Why the automatic defense cuts must be stopped

Rep. Duncan Hunter Member of Congress
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In the 10 years since 9/11, the U.S. military has won in Iraq and decimated al Qaida in Afghanistan. But American security is still threatened on multiple fronts: the epicenter of the global terrorist threat is shifting; Iran’s taunts are growing louder as its pursuit of nuclear technology continues; Russia is showing signs of reverting back to its old ways; and China is undertaking a major military buildup, with a heavy focus on conventional air and naval assets.

The danger posed by each of these threats is very real and underscores how necessary it is for the U.S. to keep its position as the world’s dominant military power — a position that it could soon lose if the $1 trillion in planned cuts to the national security budget are made.

Defense cuts totaling $450 billion are already required by law, mandated under the Budget Control Act. Far more devastating, another $500 billion in cuts will soon go into effect, brought on by the failure of the congressional super committee.

The U.S. is not accustomed to this type of threat, but it’s very serious indeed. And what’s ironic is that it’s a threat being created by the Obama administration and Congress.

The primary role of government is to provide for the common defense of the American people. Anyone in public office has just as much of an obligation to uphold this commitment as do the men and women in our military. Allowing the automatic defense cuts to go into effect would be a clear abandonment of this duty.

If these cuts happen, the Navy will shrink to its smallest size since 1915, our ground forces will be smaller than they’ve been since 1940 and our tactical fighter force will be the smallest in Air Force history.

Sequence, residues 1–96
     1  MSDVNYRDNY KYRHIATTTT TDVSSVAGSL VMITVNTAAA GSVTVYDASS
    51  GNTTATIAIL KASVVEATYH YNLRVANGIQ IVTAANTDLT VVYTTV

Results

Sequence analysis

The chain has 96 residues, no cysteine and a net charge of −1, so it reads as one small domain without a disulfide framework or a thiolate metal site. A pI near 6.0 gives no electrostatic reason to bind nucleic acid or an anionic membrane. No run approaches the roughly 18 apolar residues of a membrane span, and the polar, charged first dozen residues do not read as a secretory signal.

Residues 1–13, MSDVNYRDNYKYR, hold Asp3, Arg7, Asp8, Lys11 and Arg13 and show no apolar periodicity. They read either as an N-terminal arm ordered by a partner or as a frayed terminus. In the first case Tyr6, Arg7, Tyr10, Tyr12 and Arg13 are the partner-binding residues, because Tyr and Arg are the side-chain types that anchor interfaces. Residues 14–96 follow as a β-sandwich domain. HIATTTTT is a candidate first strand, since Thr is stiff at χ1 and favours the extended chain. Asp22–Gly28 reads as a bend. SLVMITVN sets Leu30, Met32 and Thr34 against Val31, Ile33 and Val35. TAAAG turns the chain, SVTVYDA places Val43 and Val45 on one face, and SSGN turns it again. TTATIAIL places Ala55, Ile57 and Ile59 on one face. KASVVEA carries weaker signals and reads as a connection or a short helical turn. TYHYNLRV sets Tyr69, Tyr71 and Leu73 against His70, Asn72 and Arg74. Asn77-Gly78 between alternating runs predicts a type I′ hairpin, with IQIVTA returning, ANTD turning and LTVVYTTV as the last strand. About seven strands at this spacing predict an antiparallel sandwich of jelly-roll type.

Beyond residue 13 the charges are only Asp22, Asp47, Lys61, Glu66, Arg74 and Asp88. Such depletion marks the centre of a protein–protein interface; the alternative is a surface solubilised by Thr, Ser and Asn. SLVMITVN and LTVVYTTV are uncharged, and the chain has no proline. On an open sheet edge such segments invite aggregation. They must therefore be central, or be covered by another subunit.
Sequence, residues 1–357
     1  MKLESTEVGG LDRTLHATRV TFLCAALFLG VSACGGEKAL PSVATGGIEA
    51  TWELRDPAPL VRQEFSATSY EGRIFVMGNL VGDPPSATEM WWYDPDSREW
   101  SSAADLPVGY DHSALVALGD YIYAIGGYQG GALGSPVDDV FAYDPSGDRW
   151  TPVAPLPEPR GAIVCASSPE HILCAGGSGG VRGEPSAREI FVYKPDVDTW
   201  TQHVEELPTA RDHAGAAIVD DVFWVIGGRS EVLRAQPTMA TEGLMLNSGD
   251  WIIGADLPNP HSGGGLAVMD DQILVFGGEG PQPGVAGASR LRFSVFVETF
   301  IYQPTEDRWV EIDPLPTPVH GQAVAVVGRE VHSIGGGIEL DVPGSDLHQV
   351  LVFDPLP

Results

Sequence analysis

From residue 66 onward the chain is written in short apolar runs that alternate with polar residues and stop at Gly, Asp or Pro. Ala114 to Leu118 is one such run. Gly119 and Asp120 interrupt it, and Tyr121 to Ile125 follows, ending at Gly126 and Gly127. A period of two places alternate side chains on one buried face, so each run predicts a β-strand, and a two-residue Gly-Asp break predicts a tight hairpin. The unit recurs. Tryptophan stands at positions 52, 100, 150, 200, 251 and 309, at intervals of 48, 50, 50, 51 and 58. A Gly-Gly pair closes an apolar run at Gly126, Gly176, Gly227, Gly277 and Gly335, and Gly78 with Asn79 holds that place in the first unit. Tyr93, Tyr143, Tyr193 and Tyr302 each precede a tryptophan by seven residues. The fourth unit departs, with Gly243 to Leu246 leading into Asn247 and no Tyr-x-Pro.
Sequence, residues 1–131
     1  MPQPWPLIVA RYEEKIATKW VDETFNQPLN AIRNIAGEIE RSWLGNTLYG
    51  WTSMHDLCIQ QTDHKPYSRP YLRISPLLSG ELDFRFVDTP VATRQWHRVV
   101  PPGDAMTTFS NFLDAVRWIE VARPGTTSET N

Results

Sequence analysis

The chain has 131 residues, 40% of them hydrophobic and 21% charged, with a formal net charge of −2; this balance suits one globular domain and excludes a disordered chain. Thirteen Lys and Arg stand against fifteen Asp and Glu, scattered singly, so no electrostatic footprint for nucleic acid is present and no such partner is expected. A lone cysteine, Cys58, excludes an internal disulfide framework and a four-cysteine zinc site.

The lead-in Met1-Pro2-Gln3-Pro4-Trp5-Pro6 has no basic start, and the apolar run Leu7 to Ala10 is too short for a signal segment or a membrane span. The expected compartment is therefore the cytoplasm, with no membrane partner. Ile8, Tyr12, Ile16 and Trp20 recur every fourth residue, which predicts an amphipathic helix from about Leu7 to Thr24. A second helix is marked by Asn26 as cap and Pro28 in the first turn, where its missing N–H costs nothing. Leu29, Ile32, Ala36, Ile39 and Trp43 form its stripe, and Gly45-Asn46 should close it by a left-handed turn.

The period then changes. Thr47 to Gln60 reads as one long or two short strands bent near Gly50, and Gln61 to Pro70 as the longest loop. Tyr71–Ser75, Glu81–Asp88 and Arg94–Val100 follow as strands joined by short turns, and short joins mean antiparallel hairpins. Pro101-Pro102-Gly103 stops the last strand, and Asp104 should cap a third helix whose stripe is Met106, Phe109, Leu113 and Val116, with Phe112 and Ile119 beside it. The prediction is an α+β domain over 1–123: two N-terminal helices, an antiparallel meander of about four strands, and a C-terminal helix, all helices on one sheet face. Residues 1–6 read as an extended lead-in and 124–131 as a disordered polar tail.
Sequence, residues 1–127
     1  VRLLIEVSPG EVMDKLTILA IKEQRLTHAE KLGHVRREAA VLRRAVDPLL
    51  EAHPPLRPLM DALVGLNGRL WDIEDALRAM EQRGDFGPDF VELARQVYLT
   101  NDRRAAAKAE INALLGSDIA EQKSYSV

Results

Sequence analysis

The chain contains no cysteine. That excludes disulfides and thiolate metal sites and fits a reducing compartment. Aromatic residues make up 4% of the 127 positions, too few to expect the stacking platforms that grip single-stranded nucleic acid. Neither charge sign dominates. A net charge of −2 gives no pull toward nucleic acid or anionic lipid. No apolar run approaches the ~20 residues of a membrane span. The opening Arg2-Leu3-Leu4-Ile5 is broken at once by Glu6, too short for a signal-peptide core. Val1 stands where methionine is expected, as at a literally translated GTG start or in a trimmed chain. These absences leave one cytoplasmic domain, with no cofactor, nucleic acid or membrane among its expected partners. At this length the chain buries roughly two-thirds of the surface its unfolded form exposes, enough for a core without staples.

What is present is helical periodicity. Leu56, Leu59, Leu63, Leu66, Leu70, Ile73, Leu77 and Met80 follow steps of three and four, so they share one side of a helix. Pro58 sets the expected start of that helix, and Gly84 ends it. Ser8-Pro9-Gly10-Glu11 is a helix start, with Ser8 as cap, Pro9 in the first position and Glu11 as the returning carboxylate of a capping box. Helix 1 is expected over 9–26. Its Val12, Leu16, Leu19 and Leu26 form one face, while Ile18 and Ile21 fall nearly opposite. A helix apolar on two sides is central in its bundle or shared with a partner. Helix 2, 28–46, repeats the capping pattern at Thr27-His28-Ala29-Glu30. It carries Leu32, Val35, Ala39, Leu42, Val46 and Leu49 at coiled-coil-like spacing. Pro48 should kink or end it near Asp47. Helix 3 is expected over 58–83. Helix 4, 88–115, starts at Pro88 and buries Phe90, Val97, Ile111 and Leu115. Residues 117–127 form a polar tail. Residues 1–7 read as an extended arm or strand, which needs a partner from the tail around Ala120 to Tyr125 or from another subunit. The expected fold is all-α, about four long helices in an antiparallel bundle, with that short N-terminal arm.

Even so, with sequestration just around the corner, the president has publicly stated that he’ll oppose any attempt to restore funding for national defense.

Such resistance reminds me of when then-Senator Obama actively opposed the troop surge in Iraq that turned out to be the catalyst for victory. Even later, with victory in sight, he was still looking for a way out.

Thankfully, the president was wrong on Iraq. And he’s wrong if he thinks sequestering the defense budget is in the national interest.

In the House, legislation was recently introduced by Armed Services Committee Chairman Buck McKeon to hold off these cuts while finding budget savings elsewhere. A parallel effort has been launched in the Senate. Now the race begins to prevent one of the biggest self-imposed threats to global security — and every day, the clock ticks.

Trimming the federal budget is absolutely necessary and defense should not be exempt from the cuts, as evidenced by the $450 billion of defense cuts in the pipeline. But considering the serious emerging threats facing America, any defense cuts beyond those $450 billion could very well mark the beginning of America’s decline and therefore must be avoided.

Congressman Duncan Hunter, a Republican from California, is a former United States Marine and a veteran of both the Iraq and Afghanistan wars.